Gobert set multiple career highs in the Jazz’s 108–101 comeback win against the Knicks: 35 points (on 13-of-14 shooting) and 11 offensive rebounds. He had only two defensive boards in a game in which Utah had a plus-10 rebounding advantage. The Knicks at times were more concerned about Gobert’s whereabouts on the glass than they were of the ball’s. On an off night for Gordon Hayward, Gobert picked up the slack on both ends of the court. Jazz fans will tell you there is no other option for Defensive Player of the Year; literally anyone else will say he’s in an extremely close three-man race. But Wednesday felt like an entirely different conversation — his performance had MVP vibes.
Boston’s Three-Headed Monster
Katie Baker: The Boston Celtics were a three-headed monster against the Indiana Pacers, though maybe not the three you might think. OK, Isaiah Thomas was obviously one of them, with his slippery moves and his calm 3s and his ability to breathe new life into seemingly dead, broken plays. With the clock ticking down on the first half and the Boston Celtics leading the Indiana Pacers by four, for example, he was stopped by several Pacers at the 3-point line, then side-arm hurled the ball to Avery Bradley for a buzzer-beating 3. It was like an NFL running back trying a rugby throw to get out of a jam.
But with apologies to Bradley, who finished with 18 points, and Jae Crowder and Al Horford, both of whom added 15, none of them were part of the team’s true holy trinity, which was revealed during a chaotic, beautiful late-third-quarter sequence among Thomas, Kelly Olynyk, and Tyler Zeller. As he had earlier, Thomas lowered his head and tried to plow through a few guys, but it did not draw a whistle. So instead, he basically did a bridal bouquet toss into the hands of the appropriately coiffed Olynyk, who dribbled once along the baseline and hit Zeller for a layup and a foul.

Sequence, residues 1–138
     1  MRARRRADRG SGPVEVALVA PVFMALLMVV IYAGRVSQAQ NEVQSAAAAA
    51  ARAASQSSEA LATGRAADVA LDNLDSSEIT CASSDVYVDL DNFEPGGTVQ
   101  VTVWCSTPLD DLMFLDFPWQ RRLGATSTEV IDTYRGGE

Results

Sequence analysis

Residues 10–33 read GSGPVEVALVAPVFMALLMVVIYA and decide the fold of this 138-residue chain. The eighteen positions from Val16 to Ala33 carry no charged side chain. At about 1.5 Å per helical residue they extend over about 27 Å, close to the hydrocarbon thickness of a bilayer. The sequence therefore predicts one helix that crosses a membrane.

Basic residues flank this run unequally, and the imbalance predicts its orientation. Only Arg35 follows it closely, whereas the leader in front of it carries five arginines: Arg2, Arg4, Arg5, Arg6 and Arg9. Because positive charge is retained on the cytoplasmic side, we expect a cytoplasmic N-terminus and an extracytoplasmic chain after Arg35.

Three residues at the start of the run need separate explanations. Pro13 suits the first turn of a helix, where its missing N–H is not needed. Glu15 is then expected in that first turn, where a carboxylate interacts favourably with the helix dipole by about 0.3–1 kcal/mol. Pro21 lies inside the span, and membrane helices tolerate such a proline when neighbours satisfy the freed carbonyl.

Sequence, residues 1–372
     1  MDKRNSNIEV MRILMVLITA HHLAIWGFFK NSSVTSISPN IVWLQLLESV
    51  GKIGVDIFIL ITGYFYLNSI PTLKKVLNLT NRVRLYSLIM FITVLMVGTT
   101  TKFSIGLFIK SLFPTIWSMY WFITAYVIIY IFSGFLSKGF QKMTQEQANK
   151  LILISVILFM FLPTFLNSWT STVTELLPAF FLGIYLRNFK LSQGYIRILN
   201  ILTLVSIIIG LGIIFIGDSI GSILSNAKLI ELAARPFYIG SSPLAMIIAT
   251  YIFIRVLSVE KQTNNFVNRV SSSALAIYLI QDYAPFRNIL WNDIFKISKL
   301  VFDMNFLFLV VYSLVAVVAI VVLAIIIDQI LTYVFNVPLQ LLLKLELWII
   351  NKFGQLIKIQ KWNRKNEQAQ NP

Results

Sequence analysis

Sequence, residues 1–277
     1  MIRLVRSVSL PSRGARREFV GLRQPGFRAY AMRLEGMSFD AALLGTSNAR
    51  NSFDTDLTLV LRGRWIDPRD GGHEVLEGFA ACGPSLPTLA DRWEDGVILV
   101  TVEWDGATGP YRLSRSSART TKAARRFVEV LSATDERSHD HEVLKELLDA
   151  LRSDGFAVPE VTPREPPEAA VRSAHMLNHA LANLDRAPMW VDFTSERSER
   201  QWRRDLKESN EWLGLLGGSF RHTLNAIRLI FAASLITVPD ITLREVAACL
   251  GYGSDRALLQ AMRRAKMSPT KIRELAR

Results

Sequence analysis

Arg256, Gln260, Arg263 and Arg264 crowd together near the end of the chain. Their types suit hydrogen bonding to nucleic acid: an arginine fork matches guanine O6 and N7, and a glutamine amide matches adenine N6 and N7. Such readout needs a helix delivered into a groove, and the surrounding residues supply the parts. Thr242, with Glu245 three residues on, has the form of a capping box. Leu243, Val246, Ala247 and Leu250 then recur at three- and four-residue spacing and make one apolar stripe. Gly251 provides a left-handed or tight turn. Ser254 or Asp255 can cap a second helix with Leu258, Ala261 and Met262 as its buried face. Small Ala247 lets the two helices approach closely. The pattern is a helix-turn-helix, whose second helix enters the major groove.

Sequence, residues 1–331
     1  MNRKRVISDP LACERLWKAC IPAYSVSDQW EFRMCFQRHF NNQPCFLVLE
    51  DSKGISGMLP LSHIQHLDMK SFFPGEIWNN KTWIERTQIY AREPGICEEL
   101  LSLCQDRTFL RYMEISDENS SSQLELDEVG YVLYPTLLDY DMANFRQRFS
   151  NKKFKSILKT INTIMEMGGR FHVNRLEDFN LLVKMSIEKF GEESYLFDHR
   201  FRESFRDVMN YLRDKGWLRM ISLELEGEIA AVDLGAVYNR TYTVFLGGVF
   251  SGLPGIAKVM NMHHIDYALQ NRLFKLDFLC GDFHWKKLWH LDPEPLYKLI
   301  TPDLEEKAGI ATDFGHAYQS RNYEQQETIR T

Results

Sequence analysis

Zeller missed the free throw, because nothing in life is perfect, but in just 10 minutes of play (which is, to be fair, a lot for him) he finished with six points, three rebounds, two assists, and a block. And he was part of this gorgeously lanky-ass give-and-go with Crowder, which earned an exquisitely Massholish “NOBODY RUNS THE FLOO-AH HAHDAH!!!!!!” from Celtics commentator Tom Heinsohn.
As for Olynyk, he finished with 11 points on 5-of-6 shooting, added four assists (including a sweet water polo move) and eight rebounds, and was an important presence off the bench to prevent the Pacers, who were led by 37 from Paul George, from clawing back. The Celtics won, 109–100.
“I think sometimes Kelly sells himself short on all the great things he does,” said Celtics coach Brad Stevens after the game. (As if that didn’t sound sorority-email enough, he ended his remarks with “… we need him to do that for us to be the best version of ourselves.”) He’s right: The playoffs are fast approaching, and the playoffs are a time when flourishing sorta-randos can be the difference between an early-round exit and an inexplicable run.
What Is Happening Here?
Cleveland Isn’t the Only Team Waiting for the Playoffs
Chau: Yes, the case for rest in the NBA is tired, but games like Hawks-Wizards, the 71st for both teams this season, are Exhibit A for why we probably don’t need 82-game seasons. Both teams have found themselves addled by late-season malaise, each coming into the bout losing four of their past five. There were 23 combined turnovers in the first half alone; a majority of the shots taken in the game were short-armed; both John Wall and Kelly Oubre threw up air balls in front of the home crowd. The game didn’t have immediate stakes, but the Wizards are still eyeing a no. 2 seed, and the Hawks are only three and a half games up from the no. 9 spot. And yet, for the most part, neither team could be bothered Wednesday night.